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Eur J Public Health. 2011 Feb;21(1):69-73. doi: 10.1093/eurpub/ckq013. Epub 2010 Feb 25.

Increasing fruit and vegetable consumption: a cost-effectiveness analysis of public policies.

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Service d'Epidémiologie et Santé Publique, INSERM 744, Institut Pasteur de Lille, Lille, France.



In many countries, consumption of fruits and vegetables (F&V) is below recommended levels. We quantify the economic and health effects of alternative policy (P) scenarios aiming to increase F&V consumption: (P1) 3.4% reduction in VAT, (P2) €100/year/person F&V stamp policy designed for low-income consumers (LIC) and (P3) €10 M information campaign.


An economic model of the F&V market provides F&V consumption variations to a health impact model, leading to the number of deaths avoided (DA) and life-years saved (LYS). We compare the cost per statistical DA and LYS, taking into account the public costs of alternative policies. This analysis is applied to France in 2006.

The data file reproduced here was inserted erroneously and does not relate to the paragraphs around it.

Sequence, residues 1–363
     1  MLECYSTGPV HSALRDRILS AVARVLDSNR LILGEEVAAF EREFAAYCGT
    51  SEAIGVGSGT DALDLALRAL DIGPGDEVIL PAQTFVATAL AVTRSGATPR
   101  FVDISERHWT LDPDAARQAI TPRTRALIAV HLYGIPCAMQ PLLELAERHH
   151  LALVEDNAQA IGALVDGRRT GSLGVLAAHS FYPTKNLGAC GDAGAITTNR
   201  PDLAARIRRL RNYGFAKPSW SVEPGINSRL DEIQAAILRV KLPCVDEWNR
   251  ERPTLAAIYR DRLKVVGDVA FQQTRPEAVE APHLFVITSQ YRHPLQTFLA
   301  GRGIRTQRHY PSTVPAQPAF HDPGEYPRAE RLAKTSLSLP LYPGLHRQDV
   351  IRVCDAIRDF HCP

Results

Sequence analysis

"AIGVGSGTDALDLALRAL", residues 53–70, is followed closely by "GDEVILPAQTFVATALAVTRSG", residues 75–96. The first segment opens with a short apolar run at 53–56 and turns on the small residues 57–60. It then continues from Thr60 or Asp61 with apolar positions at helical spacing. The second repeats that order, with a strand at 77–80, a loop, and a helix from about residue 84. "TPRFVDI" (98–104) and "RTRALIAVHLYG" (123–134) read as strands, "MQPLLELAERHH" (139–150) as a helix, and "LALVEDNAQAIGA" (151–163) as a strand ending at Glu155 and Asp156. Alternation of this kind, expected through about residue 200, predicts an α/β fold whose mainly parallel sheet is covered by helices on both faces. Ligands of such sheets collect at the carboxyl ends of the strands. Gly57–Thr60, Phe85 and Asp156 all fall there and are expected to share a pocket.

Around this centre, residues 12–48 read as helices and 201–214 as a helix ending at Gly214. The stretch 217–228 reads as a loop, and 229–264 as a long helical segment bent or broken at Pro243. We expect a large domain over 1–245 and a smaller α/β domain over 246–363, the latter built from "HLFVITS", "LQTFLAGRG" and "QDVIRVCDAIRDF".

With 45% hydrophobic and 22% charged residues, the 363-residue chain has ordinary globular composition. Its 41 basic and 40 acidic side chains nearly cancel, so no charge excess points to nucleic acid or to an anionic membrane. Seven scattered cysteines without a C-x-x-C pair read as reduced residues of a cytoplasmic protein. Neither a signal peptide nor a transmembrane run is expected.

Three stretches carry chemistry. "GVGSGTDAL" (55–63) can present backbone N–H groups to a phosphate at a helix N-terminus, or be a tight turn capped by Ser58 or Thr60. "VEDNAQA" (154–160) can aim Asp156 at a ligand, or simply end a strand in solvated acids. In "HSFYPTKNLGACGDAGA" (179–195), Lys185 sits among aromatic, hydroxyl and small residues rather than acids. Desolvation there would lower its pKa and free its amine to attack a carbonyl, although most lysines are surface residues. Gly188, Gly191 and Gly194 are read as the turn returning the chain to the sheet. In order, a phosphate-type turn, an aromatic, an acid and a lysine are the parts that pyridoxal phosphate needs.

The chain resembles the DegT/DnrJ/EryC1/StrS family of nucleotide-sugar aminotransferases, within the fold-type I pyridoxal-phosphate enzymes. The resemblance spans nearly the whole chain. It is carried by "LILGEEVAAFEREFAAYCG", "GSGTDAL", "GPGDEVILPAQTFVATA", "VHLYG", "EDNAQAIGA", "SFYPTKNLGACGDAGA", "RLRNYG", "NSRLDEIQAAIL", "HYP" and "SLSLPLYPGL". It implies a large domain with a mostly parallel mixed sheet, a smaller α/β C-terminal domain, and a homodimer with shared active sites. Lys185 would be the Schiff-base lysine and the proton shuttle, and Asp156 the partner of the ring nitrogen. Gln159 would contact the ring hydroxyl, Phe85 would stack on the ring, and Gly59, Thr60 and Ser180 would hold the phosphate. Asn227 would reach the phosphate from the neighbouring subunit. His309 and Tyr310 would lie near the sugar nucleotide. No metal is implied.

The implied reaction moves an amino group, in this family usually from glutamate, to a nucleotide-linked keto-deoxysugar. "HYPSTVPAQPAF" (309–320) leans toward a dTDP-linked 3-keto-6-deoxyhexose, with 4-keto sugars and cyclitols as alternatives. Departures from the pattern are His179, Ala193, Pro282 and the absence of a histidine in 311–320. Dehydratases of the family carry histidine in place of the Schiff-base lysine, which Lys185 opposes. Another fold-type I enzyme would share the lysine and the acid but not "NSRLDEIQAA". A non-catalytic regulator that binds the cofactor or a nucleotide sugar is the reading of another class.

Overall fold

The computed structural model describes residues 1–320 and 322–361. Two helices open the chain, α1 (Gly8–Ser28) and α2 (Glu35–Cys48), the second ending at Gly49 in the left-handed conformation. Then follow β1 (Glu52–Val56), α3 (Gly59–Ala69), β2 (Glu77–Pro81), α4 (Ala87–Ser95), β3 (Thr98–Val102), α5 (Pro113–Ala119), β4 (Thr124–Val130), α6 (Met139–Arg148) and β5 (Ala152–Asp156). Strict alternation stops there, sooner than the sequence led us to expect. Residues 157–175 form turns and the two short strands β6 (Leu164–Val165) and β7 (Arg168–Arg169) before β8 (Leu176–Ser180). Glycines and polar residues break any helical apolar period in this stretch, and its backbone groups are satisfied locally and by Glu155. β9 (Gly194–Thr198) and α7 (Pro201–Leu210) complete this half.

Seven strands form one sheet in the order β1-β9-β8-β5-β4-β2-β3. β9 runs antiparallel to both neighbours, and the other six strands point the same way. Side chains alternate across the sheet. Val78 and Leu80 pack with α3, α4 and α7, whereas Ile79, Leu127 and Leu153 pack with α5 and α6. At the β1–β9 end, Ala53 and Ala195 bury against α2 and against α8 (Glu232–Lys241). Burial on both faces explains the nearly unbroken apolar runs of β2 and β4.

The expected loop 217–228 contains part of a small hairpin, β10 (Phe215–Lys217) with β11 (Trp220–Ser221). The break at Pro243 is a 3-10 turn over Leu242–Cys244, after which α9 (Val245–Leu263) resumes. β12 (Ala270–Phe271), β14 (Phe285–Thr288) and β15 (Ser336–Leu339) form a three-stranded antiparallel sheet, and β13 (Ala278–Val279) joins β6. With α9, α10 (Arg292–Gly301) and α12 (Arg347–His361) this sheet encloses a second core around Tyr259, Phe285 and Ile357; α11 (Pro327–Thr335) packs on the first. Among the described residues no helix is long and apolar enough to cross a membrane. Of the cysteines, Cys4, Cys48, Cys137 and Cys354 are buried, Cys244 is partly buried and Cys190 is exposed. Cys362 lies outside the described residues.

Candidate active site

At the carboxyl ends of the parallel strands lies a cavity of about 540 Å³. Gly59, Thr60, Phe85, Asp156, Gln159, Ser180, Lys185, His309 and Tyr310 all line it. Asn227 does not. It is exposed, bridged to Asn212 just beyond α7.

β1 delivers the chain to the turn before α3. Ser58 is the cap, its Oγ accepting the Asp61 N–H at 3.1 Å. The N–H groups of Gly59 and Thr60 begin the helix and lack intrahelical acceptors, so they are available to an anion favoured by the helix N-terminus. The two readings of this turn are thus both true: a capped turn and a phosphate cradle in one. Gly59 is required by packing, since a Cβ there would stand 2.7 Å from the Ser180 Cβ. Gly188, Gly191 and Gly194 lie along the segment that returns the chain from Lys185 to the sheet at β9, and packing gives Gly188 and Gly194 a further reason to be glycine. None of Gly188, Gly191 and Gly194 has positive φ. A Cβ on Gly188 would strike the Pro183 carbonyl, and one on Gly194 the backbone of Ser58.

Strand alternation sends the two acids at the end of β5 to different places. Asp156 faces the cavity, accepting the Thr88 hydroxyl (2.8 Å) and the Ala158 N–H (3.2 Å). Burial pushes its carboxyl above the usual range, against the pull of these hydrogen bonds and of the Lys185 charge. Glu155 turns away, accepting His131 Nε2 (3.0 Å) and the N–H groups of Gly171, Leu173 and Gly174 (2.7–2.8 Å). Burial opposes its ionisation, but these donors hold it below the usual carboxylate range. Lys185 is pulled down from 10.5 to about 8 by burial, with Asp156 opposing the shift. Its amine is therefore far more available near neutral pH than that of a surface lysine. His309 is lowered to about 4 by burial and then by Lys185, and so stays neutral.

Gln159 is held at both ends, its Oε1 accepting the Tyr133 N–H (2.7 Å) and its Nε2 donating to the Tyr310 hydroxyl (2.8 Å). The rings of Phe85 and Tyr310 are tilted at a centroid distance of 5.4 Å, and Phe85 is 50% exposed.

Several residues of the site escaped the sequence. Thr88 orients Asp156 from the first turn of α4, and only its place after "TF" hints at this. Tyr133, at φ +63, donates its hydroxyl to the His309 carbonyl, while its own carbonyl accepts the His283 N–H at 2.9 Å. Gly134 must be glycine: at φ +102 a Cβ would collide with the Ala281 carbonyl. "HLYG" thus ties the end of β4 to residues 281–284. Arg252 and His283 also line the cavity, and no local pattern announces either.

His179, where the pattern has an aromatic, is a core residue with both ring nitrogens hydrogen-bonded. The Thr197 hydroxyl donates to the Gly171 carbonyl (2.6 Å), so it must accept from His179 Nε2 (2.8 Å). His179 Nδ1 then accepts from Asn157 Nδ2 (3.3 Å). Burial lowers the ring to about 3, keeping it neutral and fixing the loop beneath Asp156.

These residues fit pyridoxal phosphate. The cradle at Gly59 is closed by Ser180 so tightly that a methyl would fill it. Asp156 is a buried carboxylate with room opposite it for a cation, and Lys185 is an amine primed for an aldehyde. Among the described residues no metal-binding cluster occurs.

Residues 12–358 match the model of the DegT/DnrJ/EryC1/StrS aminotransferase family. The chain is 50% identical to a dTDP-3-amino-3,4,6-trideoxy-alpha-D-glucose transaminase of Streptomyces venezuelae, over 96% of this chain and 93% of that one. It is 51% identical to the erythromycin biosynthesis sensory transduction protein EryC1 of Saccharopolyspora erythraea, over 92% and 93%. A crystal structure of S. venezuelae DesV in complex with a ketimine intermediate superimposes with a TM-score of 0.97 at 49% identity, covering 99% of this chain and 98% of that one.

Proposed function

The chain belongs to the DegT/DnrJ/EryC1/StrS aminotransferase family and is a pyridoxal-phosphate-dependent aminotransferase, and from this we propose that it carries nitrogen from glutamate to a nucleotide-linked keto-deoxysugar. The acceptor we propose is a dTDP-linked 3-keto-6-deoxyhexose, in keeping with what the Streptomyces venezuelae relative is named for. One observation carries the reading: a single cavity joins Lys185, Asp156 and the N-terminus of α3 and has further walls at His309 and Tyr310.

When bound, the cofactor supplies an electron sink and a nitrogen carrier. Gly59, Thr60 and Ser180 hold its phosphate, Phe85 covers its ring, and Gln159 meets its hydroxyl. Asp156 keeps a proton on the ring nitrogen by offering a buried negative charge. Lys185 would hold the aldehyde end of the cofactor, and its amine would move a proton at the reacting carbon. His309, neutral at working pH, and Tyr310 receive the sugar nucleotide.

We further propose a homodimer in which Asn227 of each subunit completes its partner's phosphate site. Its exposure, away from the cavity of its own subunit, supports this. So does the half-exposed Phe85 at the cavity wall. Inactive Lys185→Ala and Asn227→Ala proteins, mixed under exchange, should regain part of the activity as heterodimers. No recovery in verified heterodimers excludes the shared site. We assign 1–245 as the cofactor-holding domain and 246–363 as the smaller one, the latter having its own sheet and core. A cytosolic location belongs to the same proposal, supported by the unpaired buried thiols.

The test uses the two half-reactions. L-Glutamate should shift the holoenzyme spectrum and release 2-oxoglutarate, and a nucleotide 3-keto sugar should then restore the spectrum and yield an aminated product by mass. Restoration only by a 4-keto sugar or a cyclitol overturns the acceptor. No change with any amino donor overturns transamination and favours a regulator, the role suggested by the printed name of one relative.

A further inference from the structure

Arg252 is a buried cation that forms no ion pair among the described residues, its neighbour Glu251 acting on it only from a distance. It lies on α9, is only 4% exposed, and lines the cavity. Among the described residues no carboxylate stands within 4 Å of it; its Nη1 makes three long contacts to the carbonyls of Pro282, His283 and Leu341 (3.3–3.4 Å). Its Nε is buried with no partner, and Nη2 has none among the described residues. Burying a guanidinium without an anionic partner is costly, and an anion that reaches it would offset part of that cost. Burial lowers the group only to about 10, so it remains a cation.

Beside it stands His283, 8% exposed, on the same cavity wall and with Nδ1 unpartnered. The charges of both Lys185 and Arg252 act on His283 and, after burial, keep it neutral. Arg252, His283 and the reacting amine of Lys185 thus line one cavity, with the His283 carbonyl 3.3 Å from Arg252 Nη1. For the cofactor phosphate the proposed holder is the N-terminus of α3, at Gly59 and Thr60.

Relative risks of death for one additional F&V portion are disease dependent (range: 0.84-0.99). The highest variations in F&V consumption levels (less than +10 g/day/person on average) and health effects (<+600 DA, <+10 000 LYS) are modest. The costs/LYS are smaller for information campaign (€3 k), followed by VAT reduction (€99 k) and food stamp policy (€403 k). However, the information campaign leads to less LYS than VAT reduction. The food stamp policy reduces health inequalities between LIC and others, whereas the other ones can increase them.


Our results suggest that (i) LYS are larger with VAT reduction than F&V stamps policies, (ii) information campaigns are the most cost-effective and (iii) market forces can limit the impacts of public health policies designed to favour F&V consumption increase.

[Indexed for MEDLINE]

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